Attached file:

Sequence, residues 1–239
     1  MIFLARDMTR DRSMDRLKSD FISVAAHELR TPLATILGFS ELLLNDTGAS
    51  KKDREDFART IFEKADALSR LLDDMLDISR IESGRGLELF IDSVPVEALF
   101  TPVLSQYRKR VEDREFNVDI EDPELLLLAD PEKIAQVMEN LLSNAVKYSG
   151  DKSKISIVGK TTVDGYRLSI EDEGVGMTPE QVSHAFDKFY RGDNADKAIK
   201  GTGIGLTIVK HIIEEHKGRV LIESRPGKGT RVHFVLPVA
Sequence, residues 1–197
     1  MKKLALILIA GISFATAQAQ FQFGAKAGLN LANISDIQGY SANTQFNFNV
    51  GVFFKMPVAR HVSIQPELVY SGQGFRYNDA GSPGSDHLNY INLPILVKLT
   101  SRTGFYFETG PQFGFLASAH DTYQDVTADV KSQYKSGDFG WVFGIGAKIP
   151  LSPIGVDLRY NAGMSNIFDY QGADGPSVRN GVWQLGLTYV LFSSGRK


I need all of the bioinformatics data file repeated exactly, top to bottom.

Sequence, residues 1–239
     1  MIFLARDMTR DRSMDRLKSD FISVAAHELR TPLATILGFS ELLLNDTGAS
    51  KKDREDFART IFEKADALSR LLDDMLDISR IESGRGLELF IDSVPVEALF
   101  TPVLSQYRKR VEDREFNVDI EDPELLLLAD PEKIAQVMEN LLSNAVKYSG
   151  DKSKISIVGK TTVDGYRLSI EDEGVGMTPE QVSHAFDKFY RGDNADKAIK
   201  GTGIGLTIVK HIIEEHKGRV LIESRPGKGT RVHFVLPVA
Sequence, residues 1–197
     1  MKKLALILIA GISFATAQAQ FQFGAKAGLN LANISDIQGY SANTQFNFNV
    51  GVFFKMPVAR HVSIQPELVY SGQGFRYNDA GSPGSDHLNY INLPILVKLT
   101  SRTGFYFETG PQFGFLASAH DTYQDVTADV KSQYKSGDFG WVFGIGAKIP
   151  LSPIGVDLRY NAGMSNIFDY QGADGPSVRN GVWQLGLTYV LFSSGRK